The truth is in the label, and particularly the "fiber" section of the label. A good serving of whole grains will have 3 grams of fiber or more per serving. Only choose breads, pastas, cereals and grains that meet this requirement. You can't go wrong with eating fresh fruit and vegetables

These are your best sources of complex carbohydrates. They are packed with nutrients and fiber and make great snacks throughout the day.

Keeping your carbohydrates to approximately 55-60% of your total calorie intake is a good way to divide your nutrients. The majority of carbohydrate calories should be received from complex rather than simple carbohydrates. Of total caloric intake, approximately 50 percent of calories should be from complex carbohydrates, and 10 percent from simple carbohydrates. Follow this rule of thumb: "Make half your grains whole" and eat 5 servings of fruit and vegetables a day. These strategies will ensure that your complex carbohydrate intake is adequate.

STARCH - is the medium used by plants to store energy. In the body starch breaks down into simple sugars. The body has to break down all sugar/starch into glucose to use it. Starch supplies the body with sustained energy. Starch represents the main type of digestible complex carbohydrate. All starchy foods come from plants.

Seeds are the first and the richest source or starch; 70 percent of their weight is starch.

The second best source of starch is the bean and pea family. These include dry beans such as lima beans, pinto beans, kidney beans, black-eyed peas, chickpeas (garbanzo beans), and soybeans. These vegetables are about 40 percent starch by weight and contain a substantial amount of protein.

The third important source of starch is the tubers, like the potato, yam, and cassava.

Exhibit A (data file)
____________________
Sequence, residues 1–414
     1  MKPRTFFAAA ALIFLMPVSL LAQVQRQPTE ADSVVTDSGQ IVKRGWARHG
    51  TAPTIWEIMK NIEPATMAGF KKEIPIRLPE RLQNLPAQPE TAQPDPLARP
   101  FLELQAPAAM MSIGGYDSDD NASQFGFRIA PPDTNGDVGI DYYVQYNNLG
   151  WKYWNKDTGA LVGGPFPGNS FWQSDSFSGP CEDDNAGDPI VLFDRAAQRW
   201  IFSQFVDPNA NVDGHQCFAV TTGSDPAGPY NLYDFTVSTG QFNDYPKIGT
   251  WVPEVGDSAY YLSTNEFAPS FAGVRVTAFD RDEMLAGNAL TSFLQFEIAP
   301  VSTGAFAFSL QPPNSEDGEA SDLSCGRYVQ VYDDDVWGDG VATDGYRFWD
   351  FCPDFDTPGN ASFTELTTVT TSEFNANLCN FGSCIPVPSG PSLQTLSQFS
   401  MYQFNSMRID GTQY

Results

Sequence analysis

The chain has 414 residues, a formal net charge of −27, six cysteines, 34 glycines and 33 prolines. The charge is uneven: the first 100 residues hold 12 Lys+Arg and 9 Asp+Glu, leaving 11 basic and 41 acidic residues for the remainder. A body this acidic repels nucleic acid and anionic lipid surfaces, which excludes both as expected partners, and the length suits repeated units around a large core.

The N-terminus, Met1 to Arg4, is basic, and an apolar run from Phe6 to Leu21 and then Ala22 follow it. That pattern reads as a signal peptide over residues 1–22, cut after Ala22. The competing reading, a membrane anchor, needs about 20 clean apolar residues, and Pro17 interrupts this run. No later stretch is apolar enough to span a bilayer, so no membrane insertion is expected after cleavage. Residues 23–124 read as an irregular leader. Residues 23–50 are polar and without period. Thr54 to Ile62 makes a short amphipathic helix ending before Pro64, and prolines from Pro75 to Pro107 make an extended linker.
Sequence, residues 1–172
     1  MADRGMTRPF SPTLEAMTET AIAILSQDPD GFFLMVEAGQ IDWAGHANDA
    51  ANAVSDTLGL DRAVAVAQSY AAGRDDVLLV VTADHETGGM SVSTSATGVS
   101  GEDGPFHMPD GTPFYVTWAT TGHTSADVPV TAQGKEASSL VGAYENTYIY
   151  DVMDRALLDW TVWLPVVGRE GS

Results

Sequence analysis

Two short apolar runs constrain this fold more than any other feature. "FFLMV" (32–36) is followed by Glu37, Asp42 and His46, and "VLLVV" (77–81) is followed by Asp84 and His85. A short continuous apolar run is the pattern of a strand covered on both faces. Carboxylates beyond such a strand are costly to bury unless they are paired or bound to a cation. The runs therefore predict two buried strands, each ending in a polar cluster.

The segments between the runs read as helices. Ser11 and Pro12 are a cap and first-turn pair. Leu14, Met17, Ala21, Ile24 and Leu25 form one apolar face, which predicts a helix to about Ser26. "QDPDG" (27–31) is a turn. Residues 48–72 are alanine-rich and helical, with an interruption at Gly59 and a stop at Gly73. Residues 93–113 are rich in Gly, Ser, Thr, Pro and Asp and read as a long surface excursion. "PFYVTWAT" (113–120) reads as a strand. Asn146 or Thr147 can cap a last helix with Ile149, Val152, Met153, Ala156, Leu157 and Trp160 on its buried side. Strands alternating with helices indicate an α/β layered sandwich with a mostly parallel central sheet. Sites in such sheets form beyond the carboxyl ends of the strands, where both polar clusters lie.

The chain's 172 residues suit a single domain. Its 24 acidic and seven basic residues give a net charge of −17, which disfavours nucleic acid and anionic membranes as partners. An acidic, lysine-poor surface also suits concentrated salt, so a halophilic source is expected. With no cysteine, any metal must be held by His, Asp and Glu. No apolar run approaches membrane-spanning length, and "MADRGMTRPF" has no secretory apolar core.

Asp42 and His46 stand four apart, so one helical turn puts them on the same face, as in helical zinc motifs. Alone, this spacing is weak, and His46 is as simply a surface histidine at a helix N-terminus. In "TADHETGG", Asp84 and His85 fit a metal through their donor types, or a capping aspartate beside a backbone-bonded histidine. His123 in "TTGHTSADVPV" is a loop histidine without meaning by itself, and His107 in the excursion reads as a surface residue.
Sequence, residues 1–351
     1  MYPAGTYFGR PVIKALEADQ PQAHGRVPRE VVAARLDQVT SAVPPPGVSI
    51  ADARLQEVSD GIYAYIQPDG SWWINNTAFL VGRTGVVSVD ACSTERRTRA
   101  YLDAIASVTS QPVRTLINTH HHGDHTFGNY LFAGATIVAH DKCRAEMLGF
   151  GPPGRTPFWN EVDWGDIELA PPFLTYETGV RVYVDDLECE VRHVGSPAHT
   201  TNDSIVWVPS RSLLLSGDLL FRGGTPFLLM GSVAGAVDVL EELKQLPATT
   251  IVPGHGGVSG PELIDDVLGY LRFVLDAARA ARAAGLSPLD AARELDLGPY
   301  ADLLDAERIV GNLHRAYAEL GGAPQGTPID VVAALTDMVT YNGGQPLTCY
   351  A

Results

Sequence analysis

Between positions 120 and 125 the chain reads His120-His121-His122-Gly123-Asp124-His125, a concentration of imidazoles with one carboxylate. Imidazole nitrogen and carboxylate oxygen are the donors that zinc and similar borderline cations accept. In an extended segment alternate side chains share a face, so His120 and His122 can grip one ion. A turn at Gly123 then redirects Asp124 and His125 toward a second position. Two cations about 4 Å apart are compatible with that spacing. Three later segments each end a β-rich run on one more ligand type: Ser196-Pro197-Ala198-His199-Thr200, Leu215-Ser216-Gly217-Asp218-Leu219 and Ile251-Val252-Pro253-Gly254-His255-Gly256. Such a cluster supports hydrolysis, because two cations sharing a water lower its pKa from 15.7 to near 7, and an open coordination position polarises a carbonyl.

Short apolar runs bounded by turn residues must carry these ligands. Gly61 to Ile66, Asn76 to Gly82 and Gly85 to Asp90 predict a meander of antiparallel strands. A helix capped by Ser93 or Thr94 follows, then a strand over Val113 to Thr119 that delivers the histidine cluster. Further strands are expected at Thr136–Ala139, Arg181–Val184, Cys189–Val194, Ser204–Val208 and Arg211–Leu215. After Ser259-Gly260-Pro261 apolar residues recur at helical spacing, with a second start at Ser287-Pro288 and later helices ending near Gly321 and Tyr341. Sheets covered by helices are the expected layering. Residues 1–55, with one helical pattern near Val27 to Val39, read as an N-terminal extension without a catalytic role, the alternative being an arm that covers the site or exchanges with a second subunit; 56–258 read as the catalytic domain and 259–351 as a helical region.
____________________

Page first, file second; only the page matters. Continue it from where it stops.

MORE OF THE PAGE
DIETARY FIBER - is found in plant cells. It is tough and stringy, and it does not break down thoroughly in the body. Fiber contains sugars linked by bonds that cannot be broken down by human enzymes, and as a result are labeled as indigestible. Therefore, most fibers do not provide energy for the body, but are essential for regulating the body.

The indigestible fibers make up the structural part of plants and are classified as insoluble fiber because they usually do not dissolve in water. Cellulose is a non starch carbohydrate polymer and can be found in whole-wheat flour, bran, and vegetables. Hemicellulose is a non starch carbohydrate polymer made of glucose, galactose, xylose, and other monosaccharides; it can be found in bran and whole grains. Lignin, a noncarbohydrate polymer containing alcohols and acids, is a woody fiber found in wheat bran and the seeds of fruits and vegetables.

Soluble fibers are those which will dissolve or swell in water. They are not broken down by human enzymes, but rather can be metabolized (or fermented) by bacteria present in the large intestine. Pectin, because it absorbs water and forms a gel, is often used in jams and jellies. Sources of pectin include citrus fruits, apples, strawberries, and carrots.

Substances that provide energy

Carbohydrates are one of three macronutrients that provide the body with energy ( protein and fats being the other two). Today we are only covering Carbohydrates, Protein and Fats will be covered in later articles.

Substances that support metabolism

In order to use the energy contained in the carbohydrates humans must break down the structure of the molecule. It starts with the carbohydrate and oxygen and produces carbon dioxide, water, and energy. The body utilizes the energy and water and rids itself of the carbon dioxide.

* Dietary minerals are generally trace elements, salts, or ions such as copper and iron. Some of these minerals are essential to human metabolism.

* Vitamins are organic compounds essential to the body. They usually act as coenzymes or cofactors for various proteins in the body.

* Water is an essential nutrient and is the solvent in which all the chemical reactions of life take place.